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“Most teenagers just think they’re immortal. Six months ago fourteen students at Olympia Heights Senior High found out that they really are. Now summer vacation has begun and everyone has far too much free time on their hands.Hormones, tempers, and the temptation of godly power get stirred up by a suspicious new gossip blog about their little slice of the Miami Dade County. Soon this blog, called Discordia, has the members of The Pantheon pitted against each other. Impulsive teenagers with ancient abilities make for a lot of collateral damage.” (matterdeeppublishing.com)
How many times have you gone through life wondering what it would be like if you were a Greek god? Don't worry, I'll wait. I imagine there is a lot of you. Well, what if I told you that it wasn't all that it was cracked up to be? In steps Amy Leigh Strickland's Olympia Heights series. The first installment, The Pantheon, presented the story of a group of teenagers in Florida beginning to notice that they have abilities beyond this world. It was a nice introduction to this world Strickland had created but it had the draw backs of a fantasy origin story. Well, where The Pantheon had the kids struggling with high school because they were gods, The Weight of the World has them struggling in spite the fact that they are gods.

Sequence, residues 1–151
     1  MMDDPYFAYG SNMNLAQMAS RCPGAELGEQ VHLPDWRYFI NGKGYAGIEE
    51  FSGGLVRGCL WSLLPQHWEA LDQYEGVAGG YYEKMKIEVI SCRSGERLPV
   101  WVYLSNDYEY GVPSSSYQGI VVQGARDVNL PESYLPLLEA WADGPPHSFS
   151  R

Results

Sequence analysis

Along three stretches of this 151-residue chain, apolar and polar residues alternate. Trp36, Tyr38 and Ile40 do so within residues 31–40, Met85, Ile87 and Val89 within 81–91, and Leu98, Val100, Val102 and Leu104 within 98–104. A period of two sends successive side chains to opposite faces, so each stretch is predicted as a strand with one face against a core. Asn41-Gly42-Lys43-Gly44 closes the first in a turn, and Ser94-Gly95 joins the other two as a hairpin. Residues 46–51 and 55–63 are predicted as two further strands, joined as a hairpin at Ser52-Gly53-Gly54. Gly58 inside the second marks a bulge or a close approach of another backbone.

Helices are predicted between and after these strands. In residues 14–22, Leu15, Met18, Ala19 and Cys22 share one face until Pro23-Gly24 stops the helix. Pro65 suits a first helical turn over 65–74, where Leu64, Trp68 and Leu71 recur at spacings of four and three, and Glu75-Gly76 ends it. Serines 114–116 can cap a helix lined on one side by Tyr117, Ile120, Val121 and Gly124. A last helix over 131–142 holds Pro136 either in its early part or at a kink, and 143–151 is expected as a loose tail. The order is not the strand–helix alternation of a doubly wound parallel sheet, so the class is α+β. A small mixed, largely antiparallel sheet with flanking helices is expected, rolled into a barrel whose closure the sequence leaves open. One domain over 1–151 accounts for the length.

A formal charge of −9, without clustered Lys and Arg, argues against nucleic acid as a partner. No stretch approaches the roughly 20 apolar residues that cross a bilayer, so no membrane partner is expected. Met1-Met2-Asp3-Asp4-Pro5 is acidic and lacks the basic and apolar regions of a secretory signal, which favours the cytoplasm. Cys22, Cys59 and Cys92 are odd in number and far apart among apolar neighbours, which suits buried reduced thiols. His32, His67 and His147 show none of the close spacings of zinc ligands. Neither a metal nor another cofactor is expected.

Separating itself from fellow genre titles it might be mistaken with, book two in this series really takes off. The fantasy element takes a proper seat on the back burner--only appearing when we damn well want it to--and we are finally allowed to enjoy the human elements of teenagers fully aware that they are the Greek gods of old. Relationships are squandered, school fights take place, friendships are tested because of a petty high school blog, and all of this takes place in between their group meetings on Sundays. I loved those moments. You might pick up the sequel for the Greek fantasy elements, but stick around for the story grounded in reality underneath, which in my opinion is Amy Leigh Strickland's wheelhouse.
+ With the origins out of the way, the characters are allowed to breathe
+ Strickland's craft has risen to a new height (Olympian height)
- The focus on the human elements of the story made the action seem abrupt at times.
Thomas William Shaw is an author and stage actor from Birmingham, AL. He lives with his wife, Lauren, their children, and their cats in a quiet place. Occasionally he will post about it.